Home staging: the art of transforming a home for sale into a furnished product -- renovated, refurbished, and decked with furnishings to pique the fancy of as many buyers as possible. If you’re curious as to what it entails, look no further than the five steps that comprise the practice below:
To begin with, home stagers attend to the repairs in the home. They check the faucets, shower, bathtub, and sinks in the kitchen and bathrooms for leaky or faulty plumbing. They see to the lighting and electrical wiring, too. And they check whether doors, windows, cupboards, and cabinets close and lock properly, among other things. They renovate or refurbish outdated trimmings and facilities in the home, both inside and outside.
Clean, dust, wash, mop, scrub, wipe, polish, tidy up: home stagers need the property to be spotless before they can spruce it up, just like how an artist starts with a blank canvas. And there’s the front yard too, to contend with: there’s grass to be cut, shrubs to be trimmed, and foliage to be cleared away. Curb appeal is crucial.
Often, home stagers have to paint or repaint the interior or exterior, as necessary. They use neutral colors: shades of white, gray, cream, beige, brown, and blue, to name a few. To start with, check out these 5 Popular Color Schemes for Home Staging
. Neutral colors are typically the go-to staples -- they attract the highest number of home buyers, and they don’t alienate by seeming too bold or personalized.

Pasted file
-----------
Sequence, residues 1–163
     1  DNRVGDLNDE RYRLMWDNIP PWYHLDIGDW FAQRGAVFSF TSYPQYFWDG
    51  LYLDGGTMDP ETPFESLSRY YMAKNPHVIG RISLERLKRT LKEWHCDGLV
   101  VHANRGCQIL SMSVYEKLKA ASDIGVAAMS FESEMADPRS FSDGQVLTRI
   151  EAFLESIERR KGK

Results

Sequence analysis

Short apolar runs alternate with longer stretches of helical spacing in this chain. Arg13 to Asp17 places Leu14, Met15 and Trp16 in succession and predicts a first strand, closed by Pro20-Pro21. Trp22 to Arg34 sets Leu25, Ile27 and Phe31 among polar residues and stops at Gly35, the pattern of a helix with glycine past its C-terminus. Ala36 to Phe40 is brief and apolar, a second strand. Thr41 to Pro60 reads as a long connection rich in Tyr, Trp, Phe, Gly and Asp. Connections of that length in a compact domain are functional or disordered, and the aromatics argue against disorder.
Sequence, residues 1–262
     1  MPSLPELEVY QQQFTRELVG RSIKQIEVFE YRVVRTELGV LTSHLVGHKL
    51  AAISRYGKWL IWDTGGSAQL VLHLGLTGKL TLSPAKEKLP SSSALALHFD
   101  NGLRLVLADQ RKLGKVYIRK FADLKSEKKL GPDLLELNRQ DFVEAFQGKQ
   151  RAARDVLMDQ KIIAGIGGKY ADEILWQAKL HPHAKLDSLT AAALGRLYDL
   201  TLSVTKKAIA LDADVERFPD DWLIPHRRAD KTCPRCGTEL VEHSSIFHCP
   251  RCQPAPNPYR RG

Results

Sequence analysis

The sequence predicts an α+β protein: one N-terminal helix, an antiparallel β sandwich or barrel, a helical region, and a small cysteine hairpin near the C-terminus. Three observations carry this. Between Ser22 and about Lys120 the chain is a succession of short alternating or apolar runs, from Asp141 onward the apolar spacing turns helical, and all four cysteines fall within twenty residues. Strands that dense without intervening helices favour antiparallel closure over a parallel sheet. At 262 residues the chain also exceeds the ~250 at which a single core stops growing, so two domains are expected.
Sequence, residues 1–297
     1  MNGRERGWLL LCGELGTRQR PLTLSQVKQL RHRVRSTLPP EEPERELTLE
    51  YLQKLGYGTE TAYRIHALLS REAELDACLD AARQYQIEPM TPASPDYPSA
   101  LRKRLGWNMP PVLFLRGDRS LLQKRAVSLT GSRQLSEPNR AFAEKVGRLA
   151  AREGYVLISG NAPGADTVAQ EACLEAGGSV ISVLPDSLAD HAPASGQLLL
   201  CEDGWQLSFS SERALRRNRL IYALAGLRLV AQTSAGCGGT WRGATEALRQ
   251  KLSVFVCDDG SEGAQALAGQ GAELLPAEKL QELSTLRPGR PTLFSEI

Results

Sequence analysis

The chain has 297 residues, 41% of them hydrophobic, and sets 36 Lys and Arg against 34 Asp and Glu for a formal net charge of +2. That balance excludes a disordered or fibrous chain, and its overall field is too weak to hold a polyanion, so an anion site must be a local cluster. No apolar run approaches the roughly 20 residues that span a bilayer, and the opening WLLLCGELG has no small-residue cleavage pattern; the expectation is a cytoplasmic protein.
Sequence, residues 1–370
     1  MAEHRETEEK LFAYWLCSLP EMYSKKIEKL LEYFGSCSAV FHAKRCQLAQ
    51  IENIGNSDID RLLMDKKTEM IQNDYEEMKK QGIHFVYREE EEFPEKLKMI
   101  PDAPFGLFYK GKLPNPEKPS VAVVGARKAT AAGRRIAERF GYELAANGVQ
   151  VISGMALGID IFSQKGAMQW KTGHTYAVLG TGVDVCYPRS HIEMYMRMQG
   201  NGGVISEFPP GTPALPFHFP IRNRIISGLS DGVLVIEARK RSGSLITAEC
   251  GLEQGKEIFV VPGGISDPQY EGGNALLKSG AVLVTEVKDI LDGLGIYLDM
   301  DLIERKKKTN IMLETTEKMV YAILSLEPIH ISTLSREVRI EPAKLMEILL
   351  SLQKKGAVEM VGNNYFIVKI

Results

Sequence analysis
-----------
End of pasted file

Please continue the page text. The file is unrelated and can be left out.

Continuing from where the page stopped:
Should they turn one of the bedrooms into a baby's room, or as a teenage girl's? Home stagers designate a concept and color scheme for each room. It’s the most creative part of the process -- but they keep their choices in furnishings and design strategic and appropriate to the property, not to mention the demographic that it is intended for. The goal of home staging is to appeal to as many buyers as possible. As such, home stagers often opt for an effect that will pique the fancy of the target or typical homebuyer.
5. Staging the Home
Home stagers buy or rent the furnishings and other staging necessities. They have them delivered and installed, coordinating the logistics with a keen eye. Attention to detail is key. Finally, they arrange the furniture to allow for freedom of movement -- not just for whatever looks pleasing to the eye. The most successful practitioners know that the overall effect shouldn’t scream "I'm staged" -- that is, too calculated, too artificial. The home should look a little lived in to have that sense of authenticity. It should make an emotional connection with the buyer.